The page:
Brandless, the new direct-to-consumer play gunning for fast-moving consumer goods that raisd $50 million in VC, is advertising a simple way of shopping for those goods online: One price ($3) for every product. This, in theory should reduce the mental overhead in shopping, in addition to doing aways with brands in favor for private labels. It‘s a concept that in itself already sounds at least debatable.
Business Insider did a price comparison with similar products at Trader Joe‘s:
We did a price comparison between 24 products you’d find at Brandless and products you’d find at Trader Joe’s and Trader Joe’s came out on top.
Only four products out of the 24 that we price-checked were actually a better deal at Brandless. We found that although the $3 prices sounds like a good idea on the surface, the product sizes are usually pretty small for the cost. Take for instance a $3 jar of 12-ounces of mayonnaise, which is a whopping $.25 an ounce.
It makes sense to adjust the package size if you can‘t adjust the price. One of the oldest tricks in retail to disguise a price increase is to keep the price the same and change the attached size instead. But if Business Insider can see this, price sensitive customers will do to. And word will go around.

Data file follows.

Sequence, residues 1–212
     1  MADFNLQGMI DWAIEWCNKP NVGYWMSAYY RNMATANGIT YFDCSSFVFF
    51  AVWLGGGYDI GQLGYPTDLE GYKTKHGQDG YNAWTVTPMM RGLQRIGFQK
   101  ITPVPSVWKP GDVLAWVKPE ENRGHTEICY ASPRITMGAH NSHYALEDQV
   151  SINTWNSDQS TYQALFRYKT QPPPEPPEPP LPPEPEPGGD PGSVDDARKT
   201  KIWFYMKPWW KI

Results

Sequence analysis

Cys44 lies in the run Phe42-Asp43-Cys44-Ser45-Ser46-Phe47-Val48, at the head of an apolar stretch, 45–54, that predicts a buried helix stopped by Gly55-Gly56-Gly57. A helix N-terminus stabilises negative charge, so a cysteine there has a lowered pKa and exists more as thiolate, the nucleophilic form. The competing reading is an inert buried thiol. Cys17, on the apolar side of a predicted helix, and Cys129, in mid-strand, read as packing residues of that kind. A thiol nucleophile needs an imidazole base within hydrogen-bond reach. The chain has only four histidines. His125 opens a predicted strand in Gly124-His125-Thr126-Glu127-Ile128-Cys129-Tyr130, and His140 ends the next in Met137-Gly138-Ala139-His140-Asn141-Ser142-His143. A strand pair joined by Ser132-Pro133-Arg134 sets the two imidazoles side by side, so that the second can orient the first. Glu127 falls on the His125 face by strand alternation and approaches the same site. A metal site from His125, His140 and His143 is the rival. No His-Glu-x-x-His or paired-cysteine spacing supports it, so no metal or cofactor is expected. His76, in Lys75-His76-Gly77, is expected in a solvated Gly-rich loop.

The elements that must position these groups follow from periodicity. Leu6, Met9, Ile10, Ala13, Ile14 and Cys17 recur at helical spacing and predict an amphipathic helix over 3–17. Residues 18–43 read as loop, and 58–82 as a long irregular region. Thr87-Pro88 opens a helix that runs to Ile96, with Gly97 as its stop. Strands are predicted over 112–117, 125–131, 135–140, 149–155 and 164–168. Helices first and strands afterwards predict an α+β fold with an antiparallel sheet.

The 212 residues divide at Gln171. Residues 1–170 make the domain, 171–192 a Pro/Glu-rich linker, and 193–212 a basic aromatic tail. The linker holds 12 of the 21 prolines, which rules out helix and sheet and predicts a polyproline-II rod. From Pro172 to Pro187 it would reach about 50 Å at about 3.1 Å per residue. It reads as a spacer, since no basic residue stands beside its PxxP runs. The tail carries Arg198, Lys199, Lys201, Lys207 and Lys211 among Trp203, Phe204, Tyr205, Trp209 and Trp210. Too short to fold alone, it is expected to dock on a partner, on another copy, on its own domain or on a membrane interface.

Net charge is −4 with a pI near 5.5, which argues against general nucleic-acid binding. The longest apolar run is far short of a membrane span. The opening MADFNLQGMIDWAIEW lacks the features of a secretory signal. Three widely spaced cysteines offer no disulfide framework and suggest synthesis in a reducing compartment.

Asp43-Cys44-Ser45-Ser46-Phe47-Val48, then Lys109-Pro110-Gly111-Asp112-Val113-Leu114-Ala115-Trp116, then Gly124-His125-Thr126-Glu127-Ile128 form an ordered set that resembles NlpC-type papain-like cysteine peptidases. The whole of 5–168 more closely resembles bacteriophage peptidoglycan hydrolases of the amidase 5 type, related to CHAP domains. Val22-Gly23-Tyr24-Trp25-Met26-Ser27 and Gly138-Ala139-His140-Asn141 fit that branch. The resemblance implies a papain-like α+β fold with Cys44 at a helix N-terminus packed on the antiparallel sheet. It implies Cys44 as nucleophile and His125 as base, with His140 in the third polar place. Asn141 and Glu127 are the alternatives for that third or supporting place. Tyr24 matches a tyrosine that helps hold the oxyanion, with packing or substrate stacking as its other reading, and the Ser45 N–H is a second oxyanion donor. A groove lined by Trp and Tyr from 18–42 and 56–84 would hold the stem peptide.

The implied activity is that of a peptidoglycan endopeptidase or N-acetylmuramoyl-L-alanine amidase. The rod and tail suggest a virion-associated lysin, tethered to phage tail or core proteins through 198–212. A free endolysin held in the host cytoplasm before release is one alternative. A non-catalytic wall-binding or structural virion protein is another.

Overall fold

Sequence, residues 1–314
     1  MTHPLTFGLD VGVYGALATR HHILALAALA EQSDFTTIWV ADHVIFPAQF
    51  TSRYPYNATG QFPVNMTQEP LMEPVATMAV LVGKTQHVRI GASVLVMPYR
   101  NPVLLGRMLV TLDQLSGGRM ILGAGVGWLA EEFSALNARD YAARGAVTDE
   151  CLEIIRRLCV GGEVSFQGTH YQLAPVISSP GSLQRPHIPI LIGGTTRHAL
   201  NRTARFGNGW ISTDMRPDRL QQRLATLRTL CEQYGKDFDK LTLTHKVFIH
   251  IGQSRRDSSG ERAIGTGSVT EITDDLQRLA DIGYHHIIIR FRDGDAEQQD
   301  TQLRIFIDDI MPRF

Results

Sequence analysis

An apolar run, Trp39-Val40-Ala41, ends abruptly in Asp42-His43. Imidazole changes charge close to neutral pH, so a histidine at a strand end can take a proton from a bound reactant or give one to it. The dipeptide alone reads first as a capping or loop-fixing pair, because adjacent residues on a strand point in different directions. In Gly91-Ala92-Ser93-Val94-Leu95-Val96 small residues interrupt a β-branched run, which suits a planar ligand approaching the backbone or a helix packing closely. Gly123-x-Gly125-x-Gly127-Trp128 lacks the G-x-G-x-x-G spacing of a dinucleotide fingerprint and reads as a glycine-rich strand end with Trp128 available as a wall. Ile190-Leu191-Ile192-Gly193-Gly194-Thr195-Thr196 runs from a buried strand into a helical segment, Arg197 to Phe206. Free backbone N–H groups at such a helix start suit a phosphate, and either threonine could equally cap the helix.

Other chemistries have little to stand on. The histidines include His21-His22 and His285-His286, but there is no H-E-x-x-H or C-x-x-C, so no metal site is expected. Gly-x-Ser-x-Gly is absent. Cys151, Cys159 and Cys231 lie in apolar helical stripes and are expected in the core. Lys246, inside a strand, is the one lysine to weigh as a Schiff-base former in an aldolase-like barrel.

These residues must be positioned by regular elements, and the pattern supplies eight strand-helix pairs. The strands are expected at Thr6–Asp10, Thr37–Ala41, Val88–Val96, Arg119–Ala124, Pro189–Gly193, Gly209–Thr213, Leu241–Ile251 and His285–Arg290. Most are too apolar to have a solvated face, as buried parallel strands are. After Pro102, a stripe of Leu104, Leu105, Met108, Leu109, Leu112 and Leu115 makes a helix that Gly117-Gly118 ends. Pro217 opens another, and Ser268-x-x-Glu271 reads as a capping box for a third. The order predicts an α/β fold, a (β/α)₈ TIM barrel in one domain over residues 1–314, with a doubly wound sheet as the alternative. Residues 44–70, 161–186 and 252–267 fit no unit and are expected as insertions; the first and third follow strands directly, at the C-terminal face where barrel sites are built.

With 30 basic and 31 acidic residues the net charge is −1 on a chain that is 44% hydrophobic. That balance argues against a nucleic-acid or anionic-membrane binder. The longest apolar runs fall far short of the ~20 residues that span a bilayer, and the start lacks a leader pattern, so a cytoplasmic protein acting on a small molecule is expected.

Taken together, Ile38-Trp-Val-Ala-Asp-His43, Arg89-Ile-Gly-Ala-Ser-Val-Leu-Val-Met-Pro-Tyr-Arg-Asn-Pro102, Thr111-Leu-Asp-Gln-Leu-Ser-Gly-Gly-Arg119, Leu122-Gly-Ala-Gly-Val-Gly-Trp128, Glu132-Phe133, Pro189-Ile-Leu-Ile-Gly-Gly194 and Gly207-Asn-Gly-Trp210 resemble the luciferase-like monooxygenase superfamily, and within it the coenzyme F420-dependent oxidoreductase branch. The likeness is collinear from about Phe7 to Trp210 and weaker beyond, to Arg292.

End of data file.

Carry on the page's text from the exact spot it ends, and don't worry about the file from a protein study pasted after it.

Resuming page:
Once you realize for the first time the product sizes at Brandless make their products more expensive (and harder to compare!), the site’s main appeal goes away.
The one unique selling proposition Brandless was going for, making shopping for FMCGs as simple as possible, just evaporated.
Add to that the flat shipping rate of $9 , the high free shipping threshold and the rather unattractive subscription service, and you get an offering no one asked for.
Brandless has a lot of work to do.
More on this topic:
* Why Did Investors Put $50 Mio. In Direct-to-Consumer FMCG Startup Brandless?
* Here Is What a Big Part of Amazon’s Endgame Looks Like
* Here’s the Investment Thesis of the VC Behind Jet.com and Dollar Shave Club
* Direct-to-Customer: What Mack Weldon, the Next Brand Superstar, Is Focussing On
* Walmart Is Acquiring Bonobos for $310 Million in Cash